A “League of Leagues” would unite sovereigntist parties across Europe under one party in the European Parliament. The European People’s Party rules alongside the Social Democrats in a German-style grand coalition that stands for nothing except more centralized control by EU technocrats.
Salvini and Orban want other the Visigrad countries as well as Austria to form the basis for this coalition.
Is it enough? The 800 lb. Gorilla in this room is Alternative for Germany (AfD). The official opposition party in the Bundestag, AfD will pick up seats in the European Parliament where they currently have just one.
They are the wild card in this gambit by Salvini and Orban.
As I’ve discussed in the past, AfD is in the process of “Crossing the Chasm” from minor party to major one. The latest polls, now nearly a month old, have AfD polling between 16 and 18% nationally.
If AfD has a League-like surge from the mid-teens to 30% support, Merkel’s government will fall.
AfD will enter the EU parliament with a tailwind to see Salvini and Orban’s wish fulfilled.
This is why the protests in Chemnitz are important. It’s why AfD’s rise in CSU-dominated Bavaria is so important.
Public frustration with immigrant violence could shift the German electorate between now and May’s elections that far as more and more Germans embrace local community pride.
Then there’s the Trump Factor.
The harder Donald Trump pushes EU leadership to actually lead at home the more they are exposed as weak fools. Despite Juncker, Merkel and Macron talking a good game, European companies are abandoning their business with Iran over Trump pulling the U.S. out of the JCPOA.
The more they try to scuttle Brexit and reveal themselves as anti-democratic globalists, the worse the blowback on them is getting.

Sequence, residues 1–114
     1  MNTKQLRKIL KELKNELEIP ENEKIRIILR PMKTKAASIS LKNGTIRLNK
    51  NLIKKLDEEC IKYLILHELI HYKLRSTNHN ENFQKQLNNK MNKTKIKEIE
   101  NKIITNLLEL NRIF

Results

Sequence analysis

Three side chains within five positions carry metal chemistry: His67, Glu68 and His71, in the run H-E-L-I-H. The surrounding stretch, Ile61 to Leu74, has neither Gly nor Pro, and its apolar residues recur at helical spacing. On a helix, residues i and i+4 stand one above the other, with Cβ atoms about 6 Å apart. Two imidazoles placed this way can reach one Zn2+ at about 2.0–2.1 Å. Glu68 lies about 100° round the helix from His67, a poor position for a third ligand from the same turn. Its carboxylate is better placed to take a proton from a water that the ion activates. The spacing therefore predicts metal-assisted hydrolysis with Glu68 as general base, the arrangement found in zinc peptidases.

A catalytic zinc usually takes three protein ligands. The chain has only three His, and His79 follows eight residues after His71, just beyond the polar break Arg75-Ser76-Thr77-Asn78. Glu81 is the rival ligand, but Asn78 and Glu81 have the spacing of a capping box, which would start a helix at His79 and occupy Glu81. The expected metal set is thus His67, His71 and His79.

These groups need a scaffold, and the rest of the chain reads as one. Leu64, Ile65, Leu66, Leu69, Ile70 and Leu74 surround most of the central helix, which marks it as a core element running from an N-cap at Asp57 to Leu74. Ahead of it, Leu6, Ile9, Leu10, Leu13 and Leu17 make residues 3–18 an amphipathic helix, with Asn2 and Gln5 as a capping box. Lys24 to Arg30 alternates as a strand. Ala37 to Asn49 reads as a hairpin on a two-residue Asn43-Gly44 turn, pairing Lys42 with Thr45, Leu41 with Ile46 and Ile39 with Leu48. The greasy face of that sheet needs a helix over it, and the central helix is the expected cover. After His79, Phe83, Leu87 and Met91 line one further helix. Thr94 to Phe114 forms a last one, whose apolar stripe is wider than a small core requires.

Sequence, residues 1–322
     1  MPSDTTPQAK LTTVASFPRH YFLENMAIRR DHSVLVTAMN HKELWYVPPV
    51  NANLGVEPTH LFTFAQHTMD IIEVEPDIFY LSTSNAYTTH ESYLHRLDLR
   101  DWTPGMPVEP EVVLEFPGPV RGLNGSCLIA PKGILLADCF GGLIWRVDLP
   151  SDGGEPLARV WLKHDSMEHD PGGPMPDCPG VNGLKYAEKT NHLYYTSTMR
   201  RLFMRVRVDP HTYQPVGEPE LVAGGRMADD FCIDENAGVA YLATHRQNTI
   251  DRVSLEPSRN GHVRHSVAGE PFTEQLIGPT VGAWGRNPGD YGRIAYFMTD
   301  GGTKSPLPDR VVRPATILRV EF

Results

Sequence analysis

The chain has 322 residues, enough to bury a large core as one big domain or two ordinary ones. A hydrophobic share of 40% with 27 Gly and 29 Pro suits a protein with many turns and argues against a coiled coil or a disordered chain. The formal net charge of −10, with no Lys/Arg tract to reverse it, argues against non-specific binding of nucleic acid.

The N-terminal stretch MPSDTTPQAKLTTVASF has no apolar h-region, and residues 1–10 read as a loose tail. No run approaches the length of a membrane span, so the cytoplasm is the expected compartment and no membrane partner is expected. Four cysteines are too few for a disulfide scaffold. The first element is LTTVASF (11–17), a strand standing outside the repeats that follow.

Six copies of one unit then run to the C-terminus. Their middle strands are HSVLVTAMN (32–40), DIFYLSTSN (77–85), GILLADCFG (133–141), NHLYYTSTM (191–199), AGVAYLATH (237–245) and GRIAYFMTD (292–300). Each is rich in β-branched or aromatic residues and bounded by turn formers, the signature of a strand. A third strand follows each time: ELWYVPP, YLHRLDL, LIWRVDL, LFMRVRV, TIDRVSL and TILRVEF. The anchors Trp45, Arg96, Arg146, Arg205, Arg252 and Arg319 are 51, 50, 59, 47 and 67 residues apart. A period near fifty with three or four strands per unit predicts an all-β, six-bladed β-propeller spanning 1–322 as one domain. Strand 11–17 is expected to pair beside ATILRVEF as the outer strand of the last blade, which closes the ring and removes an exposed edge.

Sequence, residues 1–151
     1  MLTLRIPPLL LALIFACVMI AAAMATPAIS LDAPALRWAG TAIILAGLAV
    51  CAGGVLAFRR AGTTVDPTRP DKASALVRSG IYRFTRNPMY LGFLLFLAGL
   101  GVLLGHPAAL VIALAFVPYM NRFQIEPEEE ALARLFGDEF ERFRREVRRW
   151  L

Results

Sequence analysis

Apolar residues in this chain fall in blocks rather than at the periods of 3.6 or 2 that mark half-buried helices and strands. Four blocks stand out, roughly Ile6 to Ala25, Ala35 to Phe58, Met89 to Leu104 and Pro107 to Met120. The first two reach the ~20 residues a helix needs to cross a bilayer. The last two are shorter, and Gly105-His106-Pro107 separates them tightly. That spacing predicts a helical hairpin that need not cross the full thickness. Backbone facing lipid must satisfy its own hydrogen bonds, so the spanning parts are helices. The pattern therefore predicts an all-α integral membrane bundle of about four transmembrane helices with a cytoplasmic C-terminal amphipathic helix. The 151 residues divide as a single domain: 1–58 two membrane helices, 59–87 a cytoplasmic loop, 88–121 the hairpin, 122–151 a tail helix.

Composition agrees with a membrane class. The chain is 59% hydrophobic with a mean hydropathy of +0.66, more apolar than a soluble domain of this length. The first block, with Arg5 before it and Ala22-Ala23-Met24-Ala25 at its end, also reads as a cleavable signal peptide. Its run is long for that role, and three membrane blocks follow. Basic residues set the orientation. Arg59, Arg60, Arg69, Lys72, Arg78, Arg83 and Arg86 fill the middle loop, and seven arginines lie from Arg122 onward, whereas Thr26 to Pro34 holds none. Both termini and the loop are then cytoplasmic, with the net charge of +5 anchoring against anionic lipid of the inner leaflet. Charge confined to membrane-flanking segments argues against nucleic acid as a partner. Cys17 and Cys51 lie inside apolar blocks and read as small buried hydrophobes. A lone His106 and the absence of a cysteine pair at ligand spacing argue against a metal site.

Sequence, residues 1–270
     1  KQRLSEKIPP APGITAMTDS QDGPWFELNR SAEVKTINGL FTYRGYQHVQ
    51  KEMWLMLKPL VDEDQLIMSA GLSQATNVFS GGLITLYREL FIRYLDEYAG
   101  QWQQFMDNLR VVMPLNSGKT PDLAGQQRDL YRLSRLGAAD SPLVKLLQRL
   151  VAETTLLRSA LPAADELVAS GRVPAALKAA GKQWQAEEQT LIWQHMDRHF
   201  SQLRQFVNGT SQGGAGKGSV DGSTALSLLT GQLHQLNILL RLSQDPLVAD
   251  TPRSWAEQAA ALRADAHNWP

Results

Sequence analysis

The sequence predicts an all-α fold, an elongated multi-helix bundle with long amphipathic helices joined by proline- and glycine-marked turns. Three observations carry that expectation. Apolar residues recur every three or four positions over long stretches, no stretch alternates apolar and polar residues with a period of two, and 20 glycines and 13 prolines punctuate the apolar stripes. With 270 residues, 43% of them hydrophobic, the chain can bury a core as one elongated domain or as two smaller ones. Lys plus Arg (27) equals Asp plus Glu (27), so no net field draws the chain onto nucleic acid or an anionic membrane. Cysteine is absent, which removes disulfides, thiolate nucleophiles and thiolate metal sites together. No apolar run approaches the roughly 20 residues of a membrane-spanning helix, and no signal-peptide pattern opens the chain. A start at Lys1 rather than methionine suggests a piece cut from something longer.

The new Spanish government willing to discuss greater Catalonian autonomy versus jailing everyone they can and cracking the skulls of old women on the streets of Barcelona.
Images like that are the face of Merkel’s EU. So are the people in Chemnitz, dressed in black, wearing placards with the pictures of victims of migrant violence on them in silent vigil.
This isn’t a tantrum. This is real emotion. Real consequence.
Their tears are real and they are not for sale.
The markets always bet that those in power will remain in power. The euro refuses to handicap these shifts in the political winds. No one in power wants it to fall too far too fast, or like Merkel, at all.
Because a strong euro to her is the main mechanism for keeping her opposition weak, blaming profligacy and sloth of Italians when it is the mis-pricing of Italian labor via the same over-valued euro that is the reason why Italy cannot grow. out of its debts.
By forming an alliance to reform the EU from within, Salvini and Orban counter that argument while taking the politically-viable path given the strong popular support the EU still has with many voters.
It gives Salvini the cudgel to bludgeon the EU over its intransigence on budget matters. It allows him to say, “See, I don’t want to leave the euro, but Brussels won’t negotiate for a better Italy.”
And given this guy’s track record so far, I wouldn’t bet against him making his case to angry European voters this winter.
And then it’ll be the globalists who will be crying.